The Supermoon over Lalmatia, Dhaka.


This weekend brought the biggest, brightest full moon for 100 years and right on Vesak Day.  This moon’s closest approach to the earth in its elliptical orbit resulted in the largest apparent size as seen by us earthlings.  Legends of the full moon’s effect on humans have long been debated.  Interestingly the words “lunacy” and “lunatic” are derived from the same Latin root that gives us the word “lunar.” People have often attributed intermittent insanity to the phases of the moon.

A perigee moon, or supermoon, rises above the apartment buildings over Lalmatia, Dhaka. May 6, 2012. Photograph Chulie de Silva

The tsunami happened on a full moon day, and this last weekend astrologers were happily predicting an intense emotionally packed weekend.  Although increased risk of events such as earthquakes and volcanic eruptions were also predicted none of that came to pass.

Frescoe of the birth of Lord Buddha, Kumarakande Rajamaha Vihara, Dodanduwa, Sri Lanka. 21 January, 2012. Photograph Chulie de Silva

Here in Dhaka, they call it Buddha Purnima or Buddha’s birthday. Most here in Dhaka  have only a feint idea of Buddhism or what Vesak means to Buddhists. They are not that different from my co-workers in a library in Liverpool, UK. Many at that time knew little about Buddhism. I recalled how then my friend Angela tried to help me as I struggled to explain to a row of blank English faces what Buddhism was.  She butted in saying “To know what Buddhism is you need to understand what this Buddha fellow (pronounced fellah)  said….”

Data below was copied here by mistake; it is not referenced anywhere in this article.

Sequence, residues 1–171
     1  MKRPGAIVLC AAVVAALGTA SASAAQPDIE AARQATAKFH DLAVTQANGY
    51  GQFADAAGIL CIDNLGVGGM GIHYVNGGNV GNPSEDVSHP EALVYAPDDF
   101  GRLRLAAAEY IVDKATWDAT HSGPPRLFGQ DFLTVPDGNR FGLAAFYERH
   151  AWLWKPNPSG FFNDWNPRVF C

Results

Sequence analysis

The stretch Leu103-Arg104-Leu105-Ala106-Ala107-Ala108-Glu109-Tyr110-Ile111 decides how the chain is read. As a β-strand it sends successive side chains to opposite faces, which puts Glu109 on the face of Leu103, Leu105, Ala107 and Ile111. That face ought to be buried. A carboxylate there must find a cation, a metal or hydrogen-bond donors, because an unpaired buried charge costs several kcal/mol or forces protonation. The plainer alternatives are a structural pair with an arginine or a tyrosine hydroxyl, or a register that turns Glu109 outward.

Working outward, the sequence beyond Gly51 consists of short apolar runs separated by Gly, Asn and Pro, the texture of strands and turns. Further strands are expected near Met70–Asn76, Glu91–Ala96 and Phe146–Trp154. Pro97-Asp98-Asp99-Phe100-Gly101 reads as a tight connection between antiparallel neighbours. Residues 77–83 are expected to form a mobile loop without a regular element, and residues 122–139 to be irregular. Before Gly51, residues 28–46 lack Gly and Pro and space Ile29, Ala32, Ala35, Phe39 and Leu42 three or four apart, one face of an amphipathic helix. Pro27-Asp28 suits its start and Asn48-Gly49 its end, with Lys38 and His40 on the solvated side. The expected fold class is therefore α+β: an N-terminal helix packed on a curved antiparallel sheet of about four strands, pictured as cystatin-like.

Buddhism thrived in Bangladesh region till the 12th century AD, an officially it is the third major religion. In the Chittagong division Buddhists make up about 12% of the population. The supermoon probably had some effect because I ended up visiting the Basabo Buddhist Monastery in Dhaka. My visit was arranged by my friend and colleague  who is a Hindu and his wife a Muslim.  We  didn’t think of it then but as I write now I realise  that we three represented the three major religions in Bangladesh.

The bronze Buddha statue at Basabo Buddhist Monastery, Dhaka. May 6, 2012.

The upright large bronze statue was a gift from Myanmar (Burma) to the monastery. Dhaka, Bangladesh. May 6, 2012. Photograph Chulie de Silva.

There might be only a few Buddhists in Dhaka but the monastery was packed with people.  It reminded me of past Vesak’s in Sri Lanka when we used to walk across Colombo to see the pandals.

The illuminated Buddha Statue on Vesak Day. Dhaka, Bangladesh. May 6, 2012. Photograph Chulie de Silva.

The lights came on as we left, with crowds still streaming in.  They came not dressed in white except for one elderly lady I saw lighting joss sticks. The clothes were colourful as always and there were plenty of cameras clicking away. My friends from Chittagong knew the young scholar priest Rev. Dharmananda and all of us joined another Buddhist who also came from Chittagong in a small ceremony to remember and bless our dead relatives. The monastery commenced in 1949 said another Buddhist dayaka who joined us and was pleased to know I was a Buddhist from Lanka. The priests chamber was a quiet haven amidst the throng of people outside.  However, this was not the day for a discussion. We promised the young scholar priest that we would come for another visit to learn more about Buddhism in Bangladesh.  I wanted to get back to the roof top of my apartment building to see the supermoon… Oops! I’ve come a full circle on this blog, so till next midnight blogging — bye.

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